Globally, large numbers of children die shortly after birth and many of them within the first 4 wk of life. This study aimed to determine the trends, patterns and causes of neonatal mortality in hospitals in Tanzania during 2006-2015.
This retrospective study involved 35 hospitals. Mortality data were extracted from inpatient registers, death registers and International Classification of Diseases-10 report forms. Annual specific hospital-based neonatal mortality rates were calculated and discussed. Two periods of 2006-2010 and 2011-2015 were assessed separately to account for data availability and interventions.
A total of 235 689 deaths were recorded and neonatal deaths accounted for 11.3% (n=26 630) of the deaths. The majority of neonatal deaths (87.5%) occurred in the first week of life. Overall hospital-based neonatal mortality rates increased from 2.6 in 2006 to 10.4 deaths per 1000 live births in 2015, with the early neonates contributing 90% to this rate constantly over time. The neonatal mortality rate was 3.7/1000 during 2006-2010 and 10.4/1000 during 2011-2015, both periods indicating a stagnant trend in the years between. The leading causes of early neonatal death were birth asphyxia (22.3%) and respiratory distress (20.8%), while those of late neonatal death were sepsis (29.1%) and respiratory distress (20.0%).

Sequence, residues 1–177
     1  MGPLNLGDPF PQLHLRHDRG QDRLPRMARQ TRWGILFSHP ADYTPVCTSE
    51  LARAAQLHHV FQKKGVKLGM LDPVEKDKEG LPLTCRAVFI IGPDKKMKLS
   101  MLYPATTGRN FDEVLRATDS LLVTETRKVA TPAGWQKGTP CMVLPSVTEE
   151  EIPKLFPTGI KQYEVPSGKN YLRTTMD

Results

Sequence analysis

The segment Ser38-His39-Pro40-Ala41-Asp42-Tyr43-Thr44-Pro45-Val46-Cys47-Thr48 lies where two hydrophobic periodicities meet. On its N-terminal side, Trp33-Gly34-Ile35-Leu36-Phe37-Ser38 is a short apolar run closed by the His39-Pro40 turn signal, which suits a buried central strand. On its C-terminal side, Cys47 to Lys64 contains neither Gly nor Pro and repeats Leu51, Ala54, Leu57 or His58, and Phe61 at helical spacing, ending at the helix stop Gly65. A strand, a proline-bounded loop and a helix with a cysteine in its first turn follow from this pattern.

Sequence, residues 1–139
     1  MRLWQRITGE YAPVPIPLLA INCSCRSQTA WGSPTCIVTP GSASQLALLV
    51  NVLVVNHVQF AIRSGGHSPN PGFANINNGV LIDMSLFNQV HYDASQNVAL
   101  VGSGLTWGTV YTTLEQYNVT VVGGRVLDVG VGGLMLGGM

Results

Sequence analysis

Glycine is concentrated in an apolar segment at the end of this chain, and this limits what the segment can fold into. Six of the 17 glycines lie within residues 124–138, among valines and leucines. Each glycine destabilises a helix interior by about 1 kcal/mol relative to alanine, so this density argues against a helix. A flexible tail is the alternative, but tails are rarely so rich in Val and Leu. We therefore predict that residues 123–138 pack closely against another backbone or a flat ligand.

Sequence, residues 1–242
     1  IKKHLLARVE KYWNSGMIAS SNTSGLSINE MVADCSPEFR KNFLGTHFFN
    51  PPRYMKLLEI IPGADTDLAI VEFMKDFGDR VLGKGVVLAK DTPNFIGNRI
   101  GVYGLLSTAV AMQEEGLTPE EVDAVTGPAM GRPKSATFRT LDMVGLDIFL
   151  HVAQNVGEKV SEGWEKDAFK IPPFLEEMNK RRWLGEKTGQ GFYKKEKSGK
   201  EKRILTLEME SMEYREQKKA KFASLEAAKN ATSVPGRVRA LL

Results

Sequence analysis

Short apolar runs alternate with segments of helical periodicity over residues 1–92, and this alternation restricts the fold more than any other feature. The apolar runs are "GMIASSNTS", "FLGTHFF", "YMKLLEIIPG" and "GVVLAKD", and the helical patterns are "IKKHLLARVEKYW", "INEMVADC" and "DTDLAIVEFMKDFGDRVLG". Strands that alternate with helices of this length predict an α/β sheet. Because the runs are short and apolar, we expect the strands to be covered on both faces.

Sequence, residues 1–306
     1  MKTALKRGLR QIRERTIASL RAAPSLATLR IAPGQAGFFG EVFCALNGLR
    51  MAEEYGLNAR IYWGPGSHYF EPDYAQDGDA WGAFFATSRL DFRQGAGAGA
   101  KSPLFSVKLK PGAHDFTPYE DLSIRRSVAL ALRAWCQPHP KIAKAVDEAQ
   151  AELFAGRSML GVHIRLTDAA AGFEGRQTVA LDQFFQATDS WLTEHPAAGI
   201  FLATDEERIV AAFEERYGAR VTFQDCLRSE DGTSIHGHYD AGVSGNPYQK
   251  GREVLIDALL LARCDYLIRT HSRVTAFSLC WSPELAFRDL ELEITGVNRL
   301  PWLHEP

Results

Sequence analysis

The majority of neonatal deaths in Tanzania occur among the early newborns and the trend over time indicates a slow improvement. Most neonatal deaths are preventable, hence there are opportunities to reduce mortality rates with improvements in service delivery during the first 7 d and maternal care.

© The Author(s) 2020. Published by Oxford University Press on behalf of Royal Society of Tropical Medicine and Hygiene.